By Michelle King

(Credit: Image from Flickr user Barta IV; used with Creative Commons license)

For most writers, the word “collection” is used to describe their latest book of short stories or poems. However, there are some authors who engage in the kind of collecting more commonly associated with fine art or, say, Pokémon cards.

Why do these writers’ collections fascinate us? Well, we like to think of it as the literary equivalent of “Stars — They’re Just Like Us!” More often than not, we imagine acclaimed authors tucked away for months at a time, subsisting on coffee and typing away. The pedestrian and habitual act of collecting is a welcome reminder of their human quirks.

And what quirks they are! These are the grand, obscure and strange collections of seven authors:

1. Edward Gorey’s Fur Coats

E is for Edward Gorey who loved his fur coats. Not only did Gorey like to have his characters wearing elaborate fur coats, he too liked to be draped in mink. The children’s lit author owned over 21 fur coats, which he was known for wearing with Converse sneakers.

In the late ‘80s, Gorey became close to a few raccoons that were living near his home (as you do) and began to feel a great deal of guilt about all that fur he owned. Upon his death, he gave his entire estate to the welfare of animals, and the coats were auctioned off in 2011.

(Credit: Image from Wikimedia Commons user Ceridwen; used with Creative Commons license)

2. China Miéville’s Role-Playing Game Bestiaries

Science fiction author China Miéville spent his teenage years playing Dungeons and Dragons, which, let’s face it, is not atypical of a future sci fi/comic book author who grew up in the ‘80s. Since then, Miéville has outgrown D&D, but he still collects role-playing game bestiaries. He says he “find[s] that kind of fascination with the creation of the monstrous tremendously inspiring.” The question of “Why collect?” can be difficult to answer, but for inspiration seems like a pretty good answer.

3. Amy Sedaris’s Plastic Meats and Books About Physical Abnormalities

Amy Sedaris has a particularly unique collection: plastic meats. The writer and actress says that her affinity for plastic turkeys and hot dogs started by accident. She tells The Believer, “When I saw the first piece, I just fell in love with it and had to have it. Ever since then, I’ve kept my eyes open for more meat. … It’s very rare that you come across a quality synthetic ham for sale.”

In addition to inedible food, Sedaris collects items “about physical abnormalities” along with her brother and fellow writer David Sedaris; the two go to a store in New York that sells antique skin-disorder books. So, you know, just an average, run-of-the-mill collection.

4. Jeffrey Archer’s Art

British novelist Jeffrey Archer describes his love of art as being “close to manic,” so it makes sense that he would have gathered an impressive and extensive collection of paintings, sculptures and more over his lifetime. At its peak, Archer’s collection included 99 pieces from Monet, Warhol and Rodin, but he auctioned a substantial chunk in 2011, saying that he simply didn’t have room for all of it.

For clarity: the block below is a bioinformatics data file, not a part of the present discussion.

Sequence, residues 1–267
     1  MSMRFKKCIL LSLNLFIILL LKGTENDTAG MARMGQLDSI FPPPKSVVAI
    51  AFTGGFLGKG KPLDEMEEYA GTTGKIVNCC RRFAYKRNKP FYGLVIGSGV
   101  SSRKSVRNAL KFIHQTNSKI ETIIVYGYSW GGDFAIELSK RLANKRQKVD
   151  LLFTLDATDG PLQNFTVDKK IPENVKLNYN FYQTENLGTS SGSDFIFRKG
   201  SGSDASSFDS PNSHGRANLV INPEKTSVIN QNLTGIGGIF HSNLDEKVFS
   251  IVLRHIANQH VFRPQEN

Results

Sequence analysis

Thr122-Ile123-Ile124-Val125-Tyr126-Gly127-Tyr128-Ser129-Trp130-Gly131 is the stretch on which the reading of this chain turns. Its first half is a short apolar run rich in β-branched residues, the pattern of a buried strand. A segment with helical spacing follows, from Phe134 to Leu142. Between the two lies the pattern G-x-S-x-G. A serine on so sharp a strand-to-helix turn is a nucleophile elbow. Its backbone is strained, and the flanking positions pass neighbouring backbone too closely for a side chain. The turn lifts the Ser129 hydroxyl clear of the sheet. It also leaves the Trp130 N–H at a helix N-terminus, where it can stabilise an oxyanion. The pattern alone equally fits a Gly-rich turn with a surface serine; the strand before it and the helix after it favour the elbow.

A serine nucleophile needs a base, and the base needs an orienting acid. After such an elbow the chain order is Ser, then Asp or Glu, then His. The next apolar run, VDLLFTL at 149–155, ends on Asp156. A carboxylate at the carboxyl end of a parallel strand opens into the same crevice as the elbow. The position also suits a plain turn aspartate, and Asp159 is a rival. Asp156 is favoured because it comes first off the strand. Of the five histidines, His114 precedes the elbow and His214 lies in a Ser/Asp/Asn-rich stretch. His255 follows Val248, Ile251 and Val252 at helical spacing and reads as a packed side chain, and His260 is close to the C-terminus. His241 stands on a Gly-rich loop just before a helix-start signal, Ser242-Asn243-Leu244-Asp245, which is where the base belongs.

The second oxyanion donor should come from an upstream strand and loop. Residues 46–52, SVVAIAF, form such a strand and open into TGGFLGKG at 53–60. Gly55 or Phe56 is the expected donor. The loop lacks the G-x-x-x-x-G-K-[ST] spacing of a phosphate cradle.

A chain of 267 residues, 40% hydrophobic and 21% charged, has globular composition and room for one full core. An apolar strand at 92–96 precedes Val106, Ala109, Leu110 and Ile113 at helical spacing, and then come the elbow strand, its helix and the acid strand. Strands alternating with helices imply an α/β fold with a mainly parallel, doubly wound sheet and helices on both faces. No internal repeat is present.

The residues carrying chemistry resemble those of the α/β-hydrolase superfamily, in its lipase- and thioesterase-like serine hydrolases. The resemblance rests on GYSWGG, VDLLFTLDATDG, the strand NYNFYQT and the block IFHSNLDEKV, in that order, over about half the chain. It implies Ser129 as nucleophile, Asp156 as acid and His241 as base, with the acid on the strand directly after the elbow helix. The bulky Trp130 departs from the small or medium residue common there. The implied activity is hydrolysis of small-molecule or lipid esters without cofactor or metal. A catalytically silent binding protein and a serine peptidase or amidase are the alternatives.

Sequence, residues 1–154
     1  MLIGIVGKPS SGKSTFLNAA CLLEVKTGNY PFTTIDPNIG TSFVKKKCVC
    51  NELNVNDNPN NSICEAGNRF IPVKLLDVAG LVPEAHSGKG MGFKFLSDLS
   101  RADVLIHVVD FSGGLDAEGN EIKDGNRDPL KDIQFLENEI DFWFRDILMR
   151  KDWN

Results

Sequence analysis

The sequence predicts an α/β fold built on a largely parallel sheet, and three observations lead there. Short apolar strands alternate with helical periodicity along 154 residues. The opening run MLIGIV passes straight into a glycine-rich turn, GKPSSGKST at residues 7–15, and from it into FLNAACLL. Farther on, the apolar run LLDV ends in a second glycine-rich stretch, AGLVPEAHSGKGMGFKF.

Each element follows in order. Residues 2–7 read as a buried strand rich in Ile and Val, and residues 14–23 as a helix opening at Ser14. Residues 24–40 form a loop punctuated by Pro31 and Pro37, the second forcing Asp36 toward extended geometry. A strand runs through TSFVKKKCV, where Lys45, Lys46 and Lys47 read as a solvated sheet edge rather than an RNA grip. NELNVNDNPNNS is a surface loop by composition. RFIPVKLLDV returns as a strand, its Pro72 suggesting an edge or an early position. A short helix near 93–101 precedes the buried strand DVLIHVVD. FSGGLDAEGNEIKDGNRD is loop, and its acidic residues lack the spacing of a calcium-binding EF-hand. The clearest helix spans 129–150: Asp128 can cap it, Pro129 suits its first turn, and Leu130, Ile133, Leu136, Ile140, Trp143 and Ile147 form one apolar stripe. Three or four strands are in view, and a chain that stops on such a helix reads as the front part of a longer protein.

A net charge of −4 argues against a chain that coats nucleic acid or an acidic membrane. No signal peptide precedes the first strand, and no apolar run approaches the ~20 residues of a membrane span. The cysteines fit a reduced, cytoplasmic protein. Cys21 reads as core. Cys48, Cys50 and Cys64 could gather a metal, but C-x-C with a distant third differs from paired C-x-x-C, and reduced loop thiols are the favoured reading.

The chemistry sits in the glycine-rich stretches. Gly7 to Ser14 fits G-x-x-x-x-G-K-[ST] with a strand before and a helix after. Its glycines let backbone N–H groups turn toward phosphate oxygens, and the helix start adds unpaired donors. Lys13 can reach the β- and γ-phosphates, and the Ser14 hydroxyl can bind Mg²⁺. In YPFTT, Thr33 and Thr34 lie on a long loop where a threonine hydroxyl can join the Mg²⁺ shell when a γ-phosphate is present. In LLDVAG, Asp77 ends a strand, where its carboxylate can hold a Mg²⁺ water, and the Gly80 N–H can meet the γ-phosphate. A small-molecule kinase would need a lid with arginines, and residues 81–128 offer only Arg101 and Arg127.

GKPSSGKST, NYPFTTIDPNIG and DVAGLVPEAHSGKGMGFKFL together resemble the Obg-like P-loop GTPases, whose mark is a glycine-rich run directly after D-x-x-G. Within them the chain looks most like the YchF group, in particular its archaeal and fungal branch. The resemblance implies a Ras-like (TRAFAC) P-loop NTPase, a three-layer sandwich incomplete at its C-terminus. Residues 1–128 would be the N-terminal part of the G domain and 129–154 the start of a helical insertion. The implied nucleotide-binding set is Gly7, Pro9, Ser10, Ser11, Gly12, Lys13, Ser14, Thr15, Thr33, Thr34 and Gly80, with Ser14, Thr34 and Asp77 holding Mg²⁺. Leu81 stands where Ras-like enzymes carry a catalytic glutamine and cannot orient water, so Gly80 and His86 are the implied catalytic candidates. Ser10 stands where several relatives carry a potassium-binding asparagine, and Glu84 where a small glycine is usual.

5. Larry McMurtry’s Books

Larry McMurty amassed over 450,000 books in his used and rare book collection, but at 76, the American author decided to sell 300,000 volumes. The auction took place in 2013 over two days and included books labeled “the McMurty 101,” works which the writer considered special for personal reasons. One of the highest selling items was a collection of erotica by various authors including Henry Miller and Anais Nin, which sold for $2,750. Sure, it’s a lot of money, but can you really put a price on highbrow smut?

6. Lao She’s Art

Chinese novelist Lao She’s private art collection sold for $27 million in 2013 and included work from famed Chinese artists Huang Binhong, Wu Changshuo, Fu Baoshi and Yu Fei’an. Every single painting that was on sale was sold, a result of the quality of the collection and the deep affinity for She. The writer drowned himself in Beijing in 1966 and has been a beloved cultural icon ever since. Proceeds of the sale went to a range of art and writing institutions.

(Credit: Image from Wikimedia Commons user MDCarchives; used with Creative Commons license)

7. Jerzy Kosiński’s Dictionaries

It’s one thing to collect books, but the late novelist Jerzy Kosiński collected dictionaries. When asked by The Paris Review about why he choose to leave the Soviet bloc for the United States, Kosiński said, “I was not leaving for any specific place. Attempting to leave Eastern Europe, I had three priorities on my list, in alphabetical order as well as in the order of my intent: Argentina, Brazil, and the United States, all large multiethnic societies where I assumed I could find anonymity. I remember that first I carefully began collecting Spanish and Portuguese dictionaries. Only much later, English and American ones.”

Which of these collections would you like to have as your own? Know of any other authors with noteworthy collections? Got an odd or impressive collection yourself? Tell us all about it in the comments below!

Michelle King grew up in South Florida and now lives in Brooklyn. Her contributions have appeared on BULLETT, Refinery29, xoJane and The Huffington Post. Harriet M. Welsch is still her role model and probably always will be.

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